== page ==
Beauty Gonzalez: From over-the-top TV acting to subtle portrayal in horror trilogy
Actress Beauty Gonzalez, known for her dramatic and campy characters on television, said the hardest part about being in a horror trilogy like Adolf Alix Jr.’s “Huwag Kang Lalabas” was shifting from the often over-the-top TV acting to the subtle and controlled one for the big screen.
“I’m used to TV acting, to be honest. The energy level is higher, and movement is bigger. I learned that for my role here, everything has to be subtle. To start with, my character is really mild-mannered and quiet. She’s a novitiate inside a convent. When she cried over a sad news about her father, for example, she just whimpered. I had to be conscious of those things,” said Beauty in a virtual chat with Inquirer Entertainment while in a shooting bubble in Bolinao, Pangasinan, also with Adolf.
The horror trilogy, which also features Kim Chiu and Aiko Melendez is an official entry to the ongoing 2022 Metro Manila Film Festival.
The last horror project Beauty worked on was Bobby Bonifacio’s “Hellcome Home.” She said she made sure her “attack” on her character in “Huwag Kang Lalabas” is different. “I prepared for this. I did some research, especially on how nuns act and behave. Research is part of being an actor. You need to help create your character,” she explained. “I thank Direk Adolf for his guidance, as well as Elizabeth Oropesa. Acting alongside her is so easy because she is such a giving actor.”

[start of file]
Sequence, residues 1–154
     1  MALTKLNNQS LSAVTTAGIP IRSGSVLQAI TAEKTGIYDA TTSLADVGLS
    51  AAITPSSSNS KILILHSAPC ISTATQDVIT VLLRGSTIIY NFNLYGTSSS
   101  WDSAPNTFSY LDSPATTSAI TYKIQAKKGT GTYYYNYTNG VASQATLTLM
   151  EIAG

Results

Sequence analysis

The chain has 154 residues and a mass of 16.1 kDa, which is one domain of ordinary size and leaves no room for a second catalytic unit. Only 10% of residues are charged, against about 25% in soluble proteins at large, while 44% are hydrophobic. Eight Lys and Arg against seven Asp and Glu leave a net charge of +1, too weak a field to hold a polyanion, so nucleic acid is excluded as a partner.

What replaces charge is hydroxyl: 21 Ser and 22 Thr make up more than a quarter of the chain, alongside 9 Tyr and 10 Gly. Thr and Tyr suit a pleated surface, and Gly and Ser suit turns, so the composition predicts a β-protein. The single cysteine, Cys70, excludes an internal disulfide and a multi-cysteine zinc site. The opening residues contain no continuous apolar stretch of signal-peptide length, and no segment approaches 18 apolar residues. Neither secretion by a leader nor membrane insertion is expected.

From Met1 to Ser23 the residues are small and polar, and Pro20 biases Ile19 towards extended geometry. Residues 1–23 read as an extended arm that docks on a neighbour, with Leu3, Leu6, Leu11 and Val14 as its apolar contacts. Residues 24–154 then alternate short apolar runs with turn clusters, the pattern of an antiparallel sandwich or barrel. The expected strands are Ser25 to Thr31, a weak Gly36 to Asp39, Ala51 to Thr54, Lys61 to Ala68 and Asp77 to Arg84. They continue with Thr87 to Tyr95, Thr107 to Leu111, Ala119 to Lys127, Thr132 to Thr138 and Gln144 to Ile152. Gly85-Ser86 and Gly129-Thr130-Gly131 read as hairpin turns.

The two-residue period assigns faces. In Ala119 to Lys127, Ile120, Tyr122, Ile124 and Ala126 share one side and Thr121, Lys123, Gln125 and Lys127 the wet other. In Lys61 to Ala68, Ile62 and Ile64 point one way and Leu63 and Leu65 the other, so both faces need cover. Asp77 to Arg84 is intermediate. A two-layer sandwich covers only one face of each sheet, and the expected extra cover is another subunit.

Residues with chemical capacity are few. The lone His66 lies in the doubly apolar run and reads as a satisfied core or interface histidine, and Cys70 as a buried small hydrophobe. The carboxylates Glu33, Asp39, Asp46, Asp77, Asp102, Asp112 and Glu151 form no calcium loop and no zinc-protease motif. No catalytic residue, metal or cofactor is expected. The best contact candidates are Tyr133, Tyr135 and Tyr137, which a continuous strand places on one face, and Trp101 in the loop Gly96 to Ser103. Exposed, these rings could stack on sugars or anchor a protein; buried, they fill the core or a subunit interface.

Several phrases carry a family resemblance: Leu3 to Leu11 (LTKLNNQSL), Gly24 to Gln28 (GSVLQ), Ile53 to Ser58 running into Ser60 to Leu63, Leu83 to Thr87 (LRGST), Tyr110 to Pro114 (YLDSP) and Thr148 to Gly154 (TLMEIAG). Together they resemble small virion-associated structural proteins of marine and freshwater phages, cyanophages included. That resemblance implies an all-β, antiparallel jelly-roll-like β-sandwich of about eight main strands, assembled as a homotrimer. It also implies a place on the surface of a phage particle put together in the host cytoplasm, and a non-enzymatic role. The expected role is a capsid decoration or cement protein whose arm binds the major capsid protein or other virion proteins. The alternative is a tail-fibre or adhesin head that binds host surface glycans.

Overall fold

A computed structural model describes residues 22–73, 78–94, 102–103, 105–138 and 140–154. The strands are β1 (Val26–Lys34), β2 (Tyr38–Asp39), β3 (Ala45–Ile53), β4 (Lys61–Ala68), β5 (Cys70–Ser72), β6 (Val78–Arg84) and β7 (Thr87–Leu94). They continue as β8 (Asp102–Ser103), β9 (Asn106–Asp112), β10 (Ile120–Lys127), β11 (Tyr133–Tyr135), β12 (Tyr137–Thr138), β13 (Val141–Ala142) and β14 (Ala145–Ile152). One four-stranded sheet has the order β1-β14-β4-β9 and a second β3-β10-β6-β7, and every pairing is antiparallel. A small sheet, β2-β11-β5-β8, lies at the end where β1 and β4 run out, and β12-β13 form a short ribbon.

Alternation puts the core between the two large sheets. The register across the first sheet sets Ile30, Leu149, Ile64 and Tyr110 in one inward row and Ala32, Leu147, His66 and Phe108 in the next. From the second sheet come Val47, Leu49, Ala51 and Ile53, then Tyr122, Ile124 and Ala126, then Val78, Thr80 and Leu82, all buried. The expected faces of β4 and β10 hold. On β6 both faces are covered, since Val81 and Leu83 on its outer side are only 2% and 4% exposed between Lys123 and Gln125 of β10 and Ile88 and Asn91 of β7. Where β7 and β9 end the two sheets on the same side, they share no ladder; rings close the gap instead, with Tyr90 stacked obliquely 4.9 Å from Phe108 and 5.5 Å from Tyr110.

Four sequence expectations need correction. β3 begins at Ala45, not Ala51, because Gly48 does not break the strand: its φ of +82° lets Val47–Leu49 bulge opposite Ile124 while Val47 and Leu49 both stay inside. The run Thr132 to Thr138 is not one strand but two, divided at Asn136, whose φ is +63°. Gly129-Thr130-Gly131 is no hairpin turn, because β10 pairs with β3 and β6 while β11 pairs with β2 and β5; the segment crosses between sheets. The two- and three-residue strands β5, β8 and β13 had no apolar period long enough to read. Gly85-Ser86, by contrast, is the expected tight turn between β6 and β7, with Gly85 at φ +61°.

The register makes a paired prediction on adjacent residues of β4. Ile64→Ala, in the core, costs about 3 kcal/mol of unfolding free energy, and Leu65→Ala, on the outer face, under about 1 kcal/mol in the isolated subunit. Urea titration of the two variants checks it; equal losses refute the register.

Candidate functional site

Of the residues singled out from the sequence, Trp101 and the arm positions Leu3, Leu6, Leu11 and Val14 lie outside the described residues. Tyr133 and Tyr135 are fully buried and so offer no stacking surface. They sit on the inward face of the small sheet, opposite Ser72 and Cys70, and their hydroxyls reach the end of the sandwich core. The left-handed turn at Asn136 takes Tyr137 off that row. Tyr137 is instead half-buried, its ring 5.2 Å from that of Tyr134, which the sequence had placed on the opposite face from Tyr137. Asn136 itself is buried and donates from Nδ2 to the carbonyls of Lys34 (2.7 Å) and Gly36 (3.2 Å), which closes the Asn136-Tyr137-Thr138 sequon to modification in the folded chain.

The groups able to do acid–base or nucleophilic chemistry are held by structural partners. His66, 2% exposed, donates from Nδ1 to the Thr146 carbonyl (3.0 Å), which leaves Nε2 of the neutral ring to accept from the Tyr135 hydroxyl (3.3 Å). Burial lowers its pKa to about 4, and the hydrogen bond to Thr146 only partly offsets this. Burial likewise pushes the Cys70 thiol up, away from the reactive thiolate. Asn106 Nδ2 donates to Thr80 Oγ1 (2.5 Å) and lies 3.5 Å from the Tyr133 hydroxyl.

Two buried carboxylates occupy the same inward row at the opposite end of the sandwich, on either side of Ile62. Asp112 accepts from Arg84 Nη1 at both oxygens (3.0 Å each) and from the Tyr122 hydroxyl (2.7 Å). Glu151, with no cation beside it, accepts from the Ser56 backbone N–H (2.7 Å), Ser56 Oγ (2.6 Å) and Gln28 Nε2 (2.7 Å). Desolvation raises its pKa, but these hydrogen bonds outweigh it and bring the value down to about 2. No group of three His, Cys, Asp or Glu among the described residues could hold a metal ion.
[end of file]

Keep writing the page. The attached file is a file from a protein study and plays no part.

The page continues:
She added that the set location also helped her get into character. “We shot our episode in an old convent in Baguio City, where we experienced several hair-raising moments,” she recalled. “Actually, the shots Direk Adolf took on the set were all beautiful. They were really eerie. Add to this the fact that when a horror film feature nuns, it’s really scary. The challenge is to make it different from those we’ve already seen.”
Adolf said that among the three stories, the “Kumbento” episode is the most personal. “It’s based on a story that my grandfather told me,” he explained. “Before shooting this episode with Beauty, I explained to her that the characters are nuns staying in an old convent. My instruction to her was to make her acting subtle.”
“Bahay,” meanwhile, is based on an urban legend about offering the blood of innocent children in order to fortify a bridge that is being built. “The episode happened during Marcos time, when mothers warn their kids from going out of the house at night so they don’t end up being the next sacrificial lamb,” he declared.
The film is Adolf’s first collaboration with Kim. “I watched some of the horror films that she appeared in, and I think they’re OK. She told me early on that she gets frightened easily. This happened on the set, too. This actually helps her get into character.”